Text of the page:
Step 6: Do You Want to Play a Game?

Please, use Safety Glasses for this step
Time: 45-60 min*

On the Table Saw:

  1) (15x) With the 36" x 18" piece of wood, rip the pieces of the wood into 5/8 inch strips. Picture 2
  2) (15x) Rip the strips a second time to get the square side pieces. Picture 3

*Using the Chisel/Dremel:
  1) (15x) Position the Side tooling from the Tooling_1.PDF , by the dimensions on the Technical_Views.PDF .
  2) (15x) Sketch the Top and Side profiles in the respective locations.
  3) (15x) Take the carving tool of your choice and start.

  I realize that carving the notch can be rather challenging. The flat surface will provide a solid surface for the glue to adhere to, provide an even sturdier table and a more professional result. The table is still strong enough if one chooses to skip this step. So I will be showing pictures of the table with the notch not included for those unable to complete this step.
With the **Jig Saw:

  1)  Cut out the sketched outlines on the 18" x 18" base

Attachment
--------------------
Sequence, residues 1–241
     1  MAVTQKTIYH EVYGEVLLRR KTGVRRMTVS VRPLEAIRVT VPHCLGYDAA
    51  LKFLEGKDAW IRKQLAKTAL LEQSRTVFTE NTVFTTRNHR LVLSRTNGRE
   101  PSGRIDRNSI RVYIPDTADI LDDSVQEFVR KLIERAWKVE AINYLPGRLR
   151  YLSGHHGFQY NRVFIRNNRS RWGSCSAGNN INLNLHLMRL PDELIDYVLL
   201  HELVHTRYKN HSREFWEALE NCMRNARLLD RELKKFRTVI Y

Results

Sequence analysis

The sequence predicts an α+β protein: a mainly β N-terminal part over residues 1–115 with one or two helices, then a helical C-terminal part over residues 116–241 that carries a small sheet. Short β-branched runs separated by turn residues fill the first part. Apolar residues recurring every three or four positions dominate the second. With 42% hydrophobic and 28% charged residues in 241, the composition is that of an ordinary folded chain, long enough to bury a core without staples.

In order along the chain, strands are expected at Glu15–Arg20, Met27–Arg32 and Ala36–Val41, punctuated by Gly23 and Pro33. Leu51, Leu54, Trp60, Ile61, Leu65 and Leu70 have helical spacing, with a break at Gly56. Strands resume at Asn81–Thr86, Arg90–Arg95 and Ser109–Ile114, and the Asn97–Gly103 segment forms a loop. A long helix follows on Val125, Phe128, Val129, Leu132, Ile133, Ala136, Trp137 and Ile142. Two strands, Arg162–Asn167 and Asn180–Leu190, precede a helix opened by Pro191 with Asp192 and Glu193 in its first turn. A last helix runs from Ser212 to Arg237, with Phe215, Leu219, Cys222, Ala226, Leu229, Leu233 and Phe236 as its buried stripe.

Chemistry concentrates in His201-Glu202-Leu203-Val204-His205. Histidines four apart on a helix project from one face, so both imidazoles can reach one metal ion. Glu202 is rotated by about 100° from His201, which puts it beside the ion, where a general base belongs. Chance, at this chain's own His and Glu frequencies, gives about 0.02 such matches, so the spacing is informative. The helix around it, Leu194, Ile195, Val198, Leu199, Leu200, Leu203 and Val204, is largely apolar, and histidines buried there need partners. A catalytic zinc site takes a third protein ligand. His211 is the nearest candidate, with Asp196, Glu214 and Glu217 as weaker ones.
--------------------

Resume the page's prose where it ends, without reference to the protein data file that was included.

2) Take your time, fit the side pieces into the cut-out to see how they fit tight.
  3) Enlarge with the jig saw or sandpaper the cut-out if the side pieces are too tight (no more than a mallet love-tap should ever be required)
  4) If you are going to use the base tooling as part of the table, cut out the preferred radii, do not cut any closer than 1 in to the sketched outlines to insure the base holds during assembly.

Now we are ready for the gluing, and to see this pile of sticks come to life.
* The time was determined by skipping this step.
** Anyone who has a laser cutter can use the DXF file and make the base.
Can you safely put any weight on this table?
Yes, each leg gets its strengthened from the rest of the group. It would be significantly weaker if one or more of the legs was missing. Earlier, I tested the strengths of the glued joints, The pine failed at ~90 ft-lbs of torque (45 lbf @ 2 ft from the joint). If you were to use a Hardwood ,the failure stress should be at least 5 times that of pine. <br><br>I also stacked 75 lb on the stand, and it held fine. As for any more weight than that, it would probably depend on your choice of wood. I didn't design the table to be a stool anyways.<br><br>Hopefully this answer is satisfactory on how much weight you can put on the table.
Nice instructable! I'd LOVE to try this soon!
Great! I would LOVE to hear how it goes.

About This Instructable


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Bio: An Aerospace Student. Have had many hours using 3d modeling software professionally CATIA, as well as reverse-engineering software experience (polyworks), and 3D laser-scanning.
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